Here in Vermont, the better part of religious devotion is spent on the "local food" movement. When worship takes place at the farmer's market, the peculiar ceremonies and vocabulary of that faith can be impenetrable to unbelievers. And it is up to the priests of this religion—the beleaguered farmers—to pronounce upon devotees the benedictions of the local soil.

Being a pastor is hard. But I've known enough market gardeners and small-scale farmers to know better than to envy them. They work staggering hours at the mercy of a thousand variables, their sliver of a profit margin always at risk from a parasite, a cold snap, a moment's inattention.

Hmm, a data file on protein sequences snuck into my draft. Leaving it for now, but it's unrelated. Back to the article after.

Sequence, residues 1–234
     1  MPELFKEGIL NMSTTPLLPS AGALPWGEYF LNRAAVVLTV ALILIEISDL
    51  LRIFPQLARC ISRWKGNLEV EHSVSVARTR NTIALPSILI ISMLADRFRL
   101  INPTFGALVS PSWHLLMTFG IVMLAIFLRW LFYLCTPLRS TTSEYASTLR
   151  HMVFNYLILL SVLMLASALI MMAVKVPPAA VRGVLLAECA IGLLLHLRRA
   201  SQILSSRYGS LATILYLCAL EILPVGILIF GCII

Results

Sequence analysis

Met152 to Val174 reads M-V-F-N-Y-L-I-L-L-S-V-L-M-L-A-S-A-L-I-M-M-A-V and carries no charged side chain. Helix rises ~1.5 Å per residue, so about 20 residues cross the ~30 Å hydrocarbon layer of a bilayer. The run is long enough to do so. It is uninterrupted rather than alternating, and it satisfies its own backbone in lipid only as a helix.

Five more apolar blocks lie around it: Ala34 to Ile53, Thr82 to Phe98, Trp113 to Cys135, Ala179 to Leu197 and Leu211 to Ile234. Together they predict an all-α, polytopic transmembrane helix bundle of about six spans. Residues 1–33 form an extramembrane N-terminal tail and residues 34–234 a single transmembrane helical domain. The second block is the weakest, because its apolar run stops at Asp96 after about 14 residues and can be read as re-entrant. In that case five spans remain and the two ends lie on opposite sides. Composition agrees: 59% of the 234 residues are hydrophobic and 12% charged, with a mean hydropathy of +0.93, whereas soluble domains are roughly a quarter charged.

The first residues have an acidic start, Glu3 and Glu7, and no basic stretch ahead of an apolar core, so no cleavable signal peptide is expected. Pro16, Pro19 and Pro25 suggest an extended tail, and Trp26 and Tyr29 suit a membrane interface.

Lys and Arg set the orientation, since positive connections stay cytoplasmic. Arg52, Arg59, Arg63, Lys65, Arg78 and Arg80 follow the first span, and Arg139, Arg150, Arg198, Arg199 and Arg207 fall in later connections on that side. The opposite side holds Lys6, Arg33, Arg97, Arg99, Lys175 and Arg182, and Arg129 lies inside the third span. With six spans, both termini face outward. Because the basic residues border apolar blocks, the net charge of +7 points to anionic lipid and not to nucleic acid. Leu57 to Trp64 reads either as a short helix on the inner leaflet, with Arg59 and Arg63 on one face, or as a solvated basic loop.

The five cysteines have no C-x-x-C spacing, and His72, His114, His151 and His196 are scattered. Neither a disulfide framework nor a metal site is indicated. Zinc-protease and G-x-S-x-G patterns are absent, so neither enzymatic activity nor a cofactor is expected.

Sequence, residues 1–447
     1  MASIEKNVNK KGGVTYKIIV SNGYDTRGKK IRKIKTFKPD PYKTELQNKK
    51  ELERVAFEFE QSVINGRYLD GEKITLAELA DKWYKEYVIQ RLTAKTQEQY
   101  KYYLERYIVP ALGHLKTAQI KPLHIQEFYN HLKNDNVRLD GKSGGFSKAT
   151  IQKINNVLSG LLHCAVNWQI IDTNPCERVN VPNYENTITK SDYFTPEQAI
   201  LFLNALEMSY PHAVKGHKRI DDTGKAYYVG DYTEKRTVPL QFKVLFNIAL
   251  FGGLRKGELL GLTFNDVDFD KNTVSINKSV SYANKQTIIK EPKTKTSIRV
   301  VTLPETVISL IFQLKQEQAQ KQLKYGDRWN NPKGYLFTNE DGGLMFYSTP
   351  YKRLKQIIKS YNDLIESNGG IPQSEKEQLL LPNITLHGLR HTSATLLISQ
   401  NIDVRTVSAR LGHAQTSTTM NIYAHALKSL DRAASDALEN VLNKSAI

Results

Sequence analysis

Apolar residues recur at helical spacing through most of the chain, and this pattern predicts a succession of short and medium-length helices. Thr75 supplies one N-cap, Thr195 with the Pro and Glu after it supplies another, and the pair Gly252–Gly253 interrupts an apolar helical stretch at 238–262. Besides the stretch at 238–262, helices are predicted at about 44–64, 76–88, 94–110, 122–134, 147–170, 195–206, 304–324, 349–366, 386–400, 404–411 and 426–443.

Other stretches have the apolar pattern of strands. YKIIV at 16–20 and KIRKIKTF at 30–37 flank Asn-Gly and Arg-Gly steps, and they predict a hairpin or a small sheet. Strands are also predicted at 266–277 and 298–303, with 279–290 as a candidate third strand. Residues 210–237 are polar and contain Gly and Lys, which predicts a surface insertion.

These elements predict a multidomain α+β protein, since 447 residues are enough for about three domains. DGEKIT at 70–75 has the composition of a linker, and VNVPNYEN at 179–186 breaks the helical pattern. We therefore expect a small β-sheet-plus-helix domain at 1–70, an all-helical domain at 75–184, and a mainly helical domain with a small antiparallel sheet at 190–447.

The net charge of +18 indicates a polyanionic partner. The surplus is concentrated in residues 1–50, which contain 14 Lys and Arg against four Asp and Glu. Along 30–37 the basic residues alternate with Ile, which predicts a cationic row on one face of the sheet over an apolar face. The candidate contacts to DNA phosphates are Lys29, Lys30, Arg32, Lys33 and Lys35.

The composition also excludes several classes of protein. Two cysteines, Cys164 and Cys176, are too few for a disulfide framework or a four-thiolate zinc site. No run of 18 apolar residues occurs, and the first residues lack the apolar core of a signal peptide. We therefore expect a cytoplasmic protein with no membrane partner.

But the worst part might be the attention that must be paid to their clientele. Those consumers have appetites that must be satisfied, preferences that must be considered, and questions that must be answered with a straight face. And advice, they have advice that must be endured with patience and grace.

Approaching advice

If you're a market ...

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